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Go-ahead for enclosed fish farm after four-year wait

Illustrative sketch of the
Illustrative sketch of the "Salmon Zero" concept. The smolts are put into the small concrete tank on the left, and are moved to larger tanks as they grow. Illustration photo: Eide Fjordbruk.

A Norwegian salmon farmer has finally been granted licences to develop a farm in which fish are grown in closed tanks in the sea, with water being pumped on to land for treatment.

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Eide Fjordbruk applied for three development permits for its “Salmon Zero” concept in July 2016. Norway’s Fisheries Directorate refused the application because it ruled that the project did not fulfil the condition of “considerable innovation”. 

The company appealed and has now been given one permit of 780 tonnes of maximum allowed biomass and one permit of 425 tonnes.

The Salmon Zero concept is described as a fully enclosed sea system with full recycling of production water. The plant will produce mature fish for harvest at a weight of about 6.5kg.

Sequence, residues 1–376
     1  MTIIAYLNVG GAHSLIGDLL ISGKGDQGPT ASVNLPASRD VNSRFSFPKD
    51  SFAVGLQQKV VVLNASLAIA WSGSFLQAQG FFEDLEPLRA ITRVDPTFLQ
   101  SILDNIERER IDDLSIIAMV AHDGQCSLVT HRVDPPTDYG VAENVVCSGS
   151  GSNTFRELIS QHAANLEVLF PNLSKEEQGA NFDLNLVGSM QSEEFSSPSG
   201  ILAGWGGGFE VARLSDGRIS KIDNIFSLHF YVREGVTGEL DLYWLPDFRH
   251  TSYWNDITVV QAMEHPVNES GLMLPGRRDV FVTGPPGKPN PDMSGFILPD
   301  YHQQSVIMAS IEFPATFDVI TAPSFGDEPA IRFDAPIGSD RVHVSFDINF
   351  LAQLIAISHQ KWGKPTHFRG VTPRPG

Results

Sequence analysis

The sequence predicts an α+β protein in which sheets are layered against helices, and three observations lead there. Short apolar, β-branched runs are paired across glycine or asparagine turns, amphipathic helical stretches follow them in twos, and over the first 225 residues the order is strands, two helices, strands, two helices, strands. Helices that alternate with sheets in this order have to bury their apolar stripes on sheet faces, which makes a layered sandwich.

RAS on land

Production is to take place in closed cages in the sea. The recycling and water treatment systems will be mainly located on land, with parts of the water treatment integrated into the production units. The plant will be modular and can be scaled up or down as needed.

In the longer term it should be possible to move all installations to sea, with recirculation facilities on board a suitable barge.

Eide Fjordbruk AS farms in Hardangerfjord, Fensfjorden and Osterfjorden in Hordaland, and produces around 12,000 tonnes of salmon and rainbow trout a year.

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